More trouble for Obama in his solar-powered paradise. The Washington Post reports that he was warned ahead of his visit to Solyndra that the company's higher-ups were worried about its solvency (or lack thereof), and feared embarrassing the president:
A Silicon Valley investor and senior administration officials warned the White House to reconsider having President Obama visit a solar start-up company because of its mounting financial problems, saying he might be embarrassed later.
“A number of us are concerned that the president is visiting Solyndra,” California investor and Obama fundraiser Steve Westly wrote to Obama senior adviser Valerie Jarrett in May 2010. “Many of us believe the company’s cost structure will make it difficult for them to survive long term. . . . I just want to help protect the president from anything that could result in negative or unfair press.”
The memo was among several copies of e-mails released Monday morning by Democrats on the House Energy and Commerce Committee, which is investigating a government loan to the now-bankrupt company.
Obama’s Energy Department had provided Solyndra with a $535 million government-backed loan in 2009 and wanted to highlight the investment to show taxpayers how their stimulus dollars had been put to work. Westly said that if Obama proceeded with the visit, he should be careful about touting the company’s future.
“If it’s too late to change/postpone the meeting, the president should be careful about unrealistic/optimistic forecasts that could haunt him in the next 18 months if Solyndra hits the wall, files for bankruptcy, etc.”
If Valerie Jarrett knew about this, then the president sure did, too. However, the president stuck up for Solyndra when responding to a question posed by George Stephanopoulos regarding the growing scandal, claiming that he felt confident it would succeed. In his first comment on the matter, he shrugged off any culpability for the massive misuse of taxpayer funds in his familiar pass-the-blame rhetoric:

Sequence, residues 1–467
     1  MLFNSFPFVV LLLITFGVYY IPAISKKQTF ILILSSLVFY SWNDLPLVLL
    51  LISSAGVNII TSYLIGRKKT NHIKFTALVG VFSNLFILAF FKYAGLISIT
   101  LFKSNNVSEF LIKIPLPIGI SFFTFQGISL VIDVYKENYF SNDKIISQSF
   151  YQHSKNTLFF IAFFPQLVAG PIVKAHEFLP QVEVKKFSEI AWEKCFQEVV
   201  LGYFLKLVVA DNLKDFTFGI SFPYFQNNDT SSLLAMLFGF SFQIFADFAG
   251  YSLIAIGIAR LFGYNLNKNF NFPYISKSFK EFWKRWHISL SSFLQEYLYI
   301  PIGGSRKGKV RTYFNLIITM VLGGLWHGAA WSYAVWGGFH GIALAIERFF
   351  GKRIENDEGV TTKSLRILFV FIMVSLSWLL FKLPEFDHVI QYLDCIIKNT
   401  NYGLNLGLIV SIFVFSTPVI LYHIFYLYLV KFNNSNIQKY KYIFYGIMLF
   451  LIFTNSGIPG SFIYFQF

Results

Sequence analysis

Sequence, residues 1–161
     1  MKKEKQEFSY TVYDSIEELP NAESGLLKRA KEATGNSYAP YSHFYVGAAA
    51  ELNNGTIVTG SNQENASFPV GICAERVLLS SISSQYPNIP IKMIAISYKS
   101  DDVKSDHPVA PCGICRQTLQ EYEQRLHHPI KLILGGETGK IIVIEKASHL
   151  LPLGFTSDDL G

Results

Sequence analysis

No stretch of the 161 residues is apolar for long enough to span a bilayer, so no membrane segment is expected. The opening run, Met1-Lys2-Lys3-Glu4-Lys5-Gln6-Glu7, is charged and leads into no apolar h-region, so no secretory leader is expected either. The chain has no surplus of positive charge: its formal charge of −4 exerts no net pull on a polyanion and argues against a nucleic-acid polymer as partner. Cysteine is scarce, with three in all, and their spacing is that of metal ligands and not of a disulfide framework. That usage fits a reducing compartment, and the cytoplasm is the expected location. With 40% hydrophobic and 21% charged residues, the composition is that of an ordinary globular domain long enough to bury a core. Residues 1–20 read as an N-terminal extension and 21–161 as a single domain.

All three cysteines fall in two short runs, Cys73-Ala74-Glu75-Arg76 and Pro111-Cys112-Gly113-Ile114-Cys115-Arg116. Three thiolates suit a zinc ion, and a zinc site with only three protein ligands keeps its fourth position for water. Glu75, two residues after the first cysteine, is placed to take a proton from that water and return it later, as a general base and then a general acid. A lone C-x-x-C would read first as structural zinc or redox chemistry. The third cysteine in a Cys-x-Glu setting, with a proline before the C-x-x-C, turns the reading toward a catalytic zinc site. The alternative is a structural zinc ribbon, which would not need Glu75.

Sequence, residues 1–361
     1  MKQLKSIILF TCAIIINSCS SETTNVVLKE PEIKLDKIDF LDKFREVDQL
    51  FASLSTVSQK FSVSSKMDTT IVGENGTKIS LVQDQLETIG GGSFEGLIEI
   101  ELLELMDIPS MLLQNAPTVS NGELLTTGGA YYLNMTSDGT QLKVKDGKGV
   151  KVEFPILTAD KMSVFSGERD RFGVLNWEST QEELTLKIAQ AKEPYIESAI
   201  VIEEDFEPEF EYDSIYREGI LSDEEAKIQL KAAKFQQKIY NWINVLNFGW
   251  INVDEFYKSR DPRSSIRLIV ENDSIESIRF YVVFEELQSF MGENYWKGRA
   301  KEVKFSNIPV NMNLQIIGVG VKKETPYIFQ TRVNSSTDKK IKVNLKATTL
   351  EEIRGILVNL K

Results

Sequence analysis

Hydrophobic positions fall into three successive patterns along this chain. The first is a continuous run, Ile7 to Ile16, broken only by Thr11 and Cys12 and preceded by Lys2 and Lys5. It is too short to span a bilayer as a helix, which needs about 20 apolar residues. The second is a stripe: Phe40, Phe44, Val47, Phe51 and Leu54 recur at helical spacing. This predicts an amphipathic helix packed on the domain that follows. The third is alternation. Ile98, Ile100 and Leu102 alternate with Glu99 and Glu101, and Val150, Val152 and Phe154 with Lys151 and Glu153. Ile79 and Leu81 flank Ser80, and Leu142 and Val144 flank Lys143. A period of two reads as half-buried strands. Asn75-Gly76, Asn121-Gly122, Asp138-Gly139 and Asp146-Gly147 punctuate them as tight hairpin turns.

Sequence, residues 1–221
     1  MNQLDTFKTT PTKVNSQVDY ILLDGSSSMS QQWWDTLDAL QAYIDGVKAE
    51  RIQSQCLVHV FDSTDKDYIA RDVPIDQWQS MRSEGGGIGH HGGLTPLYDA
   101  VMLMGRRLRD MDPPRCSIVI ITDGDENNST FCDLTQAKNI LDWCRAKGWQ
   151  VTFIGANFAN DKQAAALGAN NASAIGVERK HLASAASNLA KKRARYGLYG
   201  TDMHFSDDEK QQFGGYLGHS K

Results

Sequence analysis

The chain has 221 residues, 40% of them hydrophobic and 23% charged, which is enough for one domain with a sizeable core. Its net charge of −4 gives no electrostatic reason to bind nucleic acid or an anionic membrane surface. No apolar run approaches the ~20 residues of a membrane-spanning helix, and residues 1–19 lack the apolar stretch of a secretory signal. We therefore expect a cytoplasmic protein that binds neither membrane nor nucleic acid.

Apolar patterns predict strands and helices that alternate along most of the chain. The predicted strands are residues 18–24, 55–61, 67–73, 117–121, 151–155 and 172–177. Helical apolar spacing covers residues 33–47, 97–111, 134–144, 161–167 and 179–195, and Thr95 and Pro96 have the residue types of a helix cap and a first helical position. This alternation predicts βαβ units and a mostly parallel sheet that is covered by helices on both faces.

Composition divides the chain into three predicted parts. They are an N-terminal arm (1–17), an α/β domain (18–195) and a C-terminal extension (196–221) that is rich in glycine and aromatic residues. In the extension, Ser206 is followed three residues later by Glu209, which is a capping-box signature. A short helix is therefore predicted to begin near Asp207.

Obama said the loan guarantee program is working well overall, despite the fact that "not every single business is going to succeed."
wants to compete with other countries that are subsidizing "industries of the future," Obama said, the government has to make sure American companies "get a shot" to compete. U.S.
"Hindsight is always 20/20," Obama said. "It went through the regular review process and people felt this was a good bet."
So by Obama's own words, he didn't feel any apprehension about the visit--no indeed, he felt confident that Solyndra was a good idea! Well, that or he believed his "it's-the-free-market's-fault" excuse could hold up.
Ah, yes. Ever the convenient capitalist. He lambasts the free market and claims government must rescue failed enterprises because the free market is too unpredictable...except when his political credibility is on the line. Then, well. Solyndra failed. Some businesses do. That's just the way the market works!
Talk about opportunistic.
Of course, mounting evidence suggests that Solyndra was most assuredly not simply a victim of the unpredictable market, but was doomed to fail from the start. The company was fast tracked to receive funds after improper vetting, it violated the terms of its loan, and spent taxpayer money on ludicrous, unnecessary extravagances.
Furthermore, Obama was fully aware of the risks--so the idea that this loan was "a good bet," or that it was simply a casualty of the free market is laughable.
Try again, Mr. President.